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I’ve been wrestling all week with how to address the shooting of Jacob Blake. . . mostly because I’m so angry. This morning I saw how the NBA is handling it by refusing to play and go on as if all is normal. I thought, “The NBA is better at lament than we are.” 

We talk about racism from time to time in the Christian Reformed Church. And this is a good thing. So many churches don’t do this at all, and I think we should recognize that we are doing something good here by talking about it. (Sidenote: If your church doesn’t talk about the sin of racism, ask some questions about why this isn’t happening). 

I’m concerned, however, about HOW we have tended to do this lately. Please don’t read a negative tone here in what I’m writing. I’ve been accused of coming off in writing as condescending or arrogant when I write about antiracism. I am hoping this piece of writing does not do this. Here is how I see myself: to borrow from Paul, I am the “chief of sinners” when it comes to racism.  I’ve done, and still continue to do, so many racist things. My thought process is governed by my whiteness, my gut-level interpretations are so controlled by my white socialization, my emotional responses to racism in the news and in my experience are filtered through my whiteness.  

So in the next few paragraphs when I write to you all about the white norms I see at play in the CRC’s culture (and its ramifications for this Sunday), please read it as one addict in recovery talking to another addict to encourage each other to work towards getting sober from our internalized racism. I want to ask that together we work towards getting sober from our collective institutional bent towards adhering to the rules of the dominant culture of white supremacy which I perceive as subtly but significantly affecting our church.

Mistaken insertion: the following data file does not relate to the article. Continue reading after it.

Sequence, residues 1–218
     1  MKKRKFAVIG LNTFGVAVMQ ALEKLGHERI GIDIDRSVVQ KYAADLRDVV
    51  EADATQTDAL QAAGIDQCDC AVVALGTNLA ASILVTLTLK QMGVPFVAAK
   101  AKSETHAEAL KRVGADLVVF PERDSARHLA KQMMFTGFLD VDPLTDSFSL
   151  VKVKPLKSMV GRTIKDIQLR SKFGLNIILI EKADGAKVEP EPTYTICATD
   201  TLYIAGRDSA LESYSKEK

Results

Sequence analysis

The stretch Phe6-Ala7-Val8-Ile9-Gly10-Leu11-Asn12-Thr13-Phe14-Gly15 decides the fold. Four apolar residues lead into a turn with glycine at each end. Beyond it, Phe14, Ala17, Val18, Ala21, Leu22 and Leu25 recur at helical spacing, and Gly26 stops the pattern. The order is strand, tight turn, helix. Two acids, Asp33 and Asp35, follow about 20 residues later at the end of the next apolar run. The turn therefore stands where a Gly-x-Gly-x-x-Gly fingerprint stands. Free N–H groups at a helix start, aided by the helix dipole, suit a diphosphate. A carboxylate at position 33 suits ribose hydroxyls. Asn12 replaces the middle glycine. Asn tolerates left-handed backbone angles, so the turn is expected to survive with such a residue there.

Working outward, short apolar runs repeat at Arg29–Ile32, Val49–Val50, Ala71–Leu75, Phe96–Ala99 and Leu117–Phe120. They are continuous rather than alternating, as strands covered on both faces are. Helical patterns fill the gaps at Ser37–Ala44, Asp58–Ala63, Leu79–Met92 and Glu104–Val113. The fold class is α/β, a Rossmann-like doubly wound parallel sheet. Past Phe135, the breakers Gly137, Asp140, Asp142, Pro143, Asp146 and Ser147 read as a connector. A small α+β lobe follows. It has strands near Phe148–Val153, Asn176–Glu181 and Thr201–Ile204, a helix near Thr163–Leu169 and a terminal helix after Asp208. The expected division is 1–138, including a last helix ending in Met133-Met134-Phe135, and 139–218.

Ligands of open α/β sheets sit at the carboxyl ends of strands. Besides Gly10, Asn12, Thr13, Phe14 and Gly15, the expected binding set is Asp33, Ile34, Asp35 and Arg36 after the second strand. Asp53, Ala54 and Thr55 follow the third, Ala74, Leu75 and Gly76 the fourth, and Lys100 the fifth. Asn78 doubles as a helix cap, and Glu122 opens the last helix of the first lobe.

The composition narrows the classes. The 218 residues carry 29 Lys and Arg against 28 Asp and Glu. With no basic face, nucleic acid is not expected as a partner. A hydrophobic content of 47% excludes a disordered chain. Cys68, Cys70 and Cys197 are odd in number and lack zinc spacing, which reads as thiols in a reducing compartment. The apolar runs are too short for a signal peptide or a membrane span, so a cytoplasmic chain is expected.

By pointing out things in the following paragraphs, I am not judging anyone. I’m saying that I see this in myself, and it kept me addicted to the sinful habits of white supremacy thinking, and I want to get sober together. I’m convicted and I want to share this with you all, because for me to stay in recovery, I need the help of my community. You are my community, and you have some of the power to control things I need to get healthier as a white person and recovering racist.

I’ve been doing a lot of reading and reflecting on how white cultural norms assert themselves in worship spaces. If we enter into lament at all in worship spaces governed by white norms, we tend to do so in a way that could be termed “managerial racism.” This managerial form of racism is “spiritualized” in worship spaces by:

  • Adhering to the white cultural value of “time management” (as opposed to “making time” for people) 
  • Refusing to deviate from the routines of liturgical practice (i.e. liturgical practices centered on white people’s right to comfort at all times and in all places) 
  • Controlling language by tightly scripting the wording of expressions of lament (e.g. emphasis on perfectionism as dictated by white norms; valuing verbal correctness over verbal authenticity, sometimes expressed as the need for theological correctness)
  • Preferring expressions of lament that are poetic or “beautiful”, without strong displays of authentic emotion, usually pre-written. This preference privileges the voices of those whose expressions follow these norms of whiteness, and undervalue expressions of lament that are raw, passionate, and/or spontaneous.  This preference emphasizes the white cultural value of controlling one’s emotions so that white people do not feel discomfort or distress.  This also ignores the needs of people of color whose expression style values other characteristics, and who would view white norms of expression as inauthentic, emotionally blunted or lacking in conviction.